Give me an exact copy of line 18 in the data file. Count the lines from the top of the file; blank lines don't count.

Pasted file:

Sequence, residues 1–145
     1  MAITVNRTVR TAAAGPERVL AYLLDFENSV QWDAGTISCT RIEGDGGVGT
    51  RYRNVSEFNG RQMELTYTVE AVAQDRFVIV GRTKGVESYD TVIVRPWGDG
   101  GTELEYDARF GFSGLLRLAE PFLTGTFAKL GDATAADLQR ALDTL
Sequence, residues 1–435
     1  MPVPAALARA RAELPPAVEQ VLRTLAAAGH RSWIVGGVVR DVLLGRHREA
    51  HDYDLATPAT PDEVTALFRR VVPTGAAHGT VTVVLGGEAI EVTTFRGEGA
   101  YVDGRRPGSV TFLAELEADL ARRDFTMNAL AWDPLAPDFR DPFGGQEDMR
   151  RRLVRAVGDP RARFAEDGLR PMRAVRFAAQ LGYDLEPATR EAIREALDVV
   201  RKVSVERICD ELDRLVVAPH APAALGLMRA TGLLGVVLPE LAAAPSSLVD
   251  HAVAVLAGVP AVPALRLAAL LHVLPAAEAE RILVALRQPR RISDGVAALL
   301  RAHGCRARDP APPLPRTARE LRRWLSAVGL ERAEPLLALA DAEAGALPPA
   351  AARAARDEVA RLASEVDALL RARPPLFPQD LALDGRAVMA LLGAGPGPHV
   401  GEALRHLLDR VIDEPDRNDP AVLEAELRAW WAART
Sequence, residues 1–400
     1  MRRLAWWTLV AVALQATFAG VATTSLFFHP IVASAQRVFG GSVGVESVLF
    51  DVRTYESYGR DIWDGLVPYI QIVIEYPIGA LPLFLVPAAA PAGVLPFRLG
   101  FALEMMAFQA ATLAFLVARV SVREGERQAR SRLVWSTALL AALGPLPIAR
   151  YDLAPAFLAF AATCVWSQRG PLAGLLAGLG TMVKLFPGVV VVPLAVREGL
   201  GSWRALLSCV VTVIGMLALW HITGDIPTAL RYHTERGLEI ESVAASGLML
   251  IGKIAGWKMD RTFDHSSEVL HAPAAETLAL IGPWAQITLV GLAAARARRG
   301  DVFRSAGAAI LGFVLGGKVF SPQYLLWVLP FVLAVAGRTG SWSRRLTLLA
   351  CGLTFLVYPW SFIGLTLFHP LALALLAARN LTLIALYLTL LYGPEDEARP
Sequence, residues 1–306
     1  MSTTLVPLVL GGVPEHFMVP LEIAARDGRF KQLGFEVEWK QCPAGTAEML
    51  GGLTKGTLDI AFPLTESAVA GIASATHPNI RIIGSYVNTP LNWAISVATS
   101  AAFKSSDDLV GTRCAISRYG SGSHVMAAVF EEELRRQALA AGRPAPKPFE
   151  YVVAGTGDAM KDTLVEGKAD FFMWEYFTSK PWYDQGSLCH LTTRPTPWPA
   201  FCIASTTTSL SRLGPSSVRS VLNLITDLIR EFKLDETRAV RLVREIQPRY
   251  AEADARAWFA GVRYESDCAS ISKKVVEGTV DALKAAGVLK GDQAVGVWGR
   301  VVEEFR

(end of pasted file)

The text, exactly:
   101  FALEMMAFQA ATLAFLVARV SVREGERQAR SRLVWSTALL AALGPLPIAR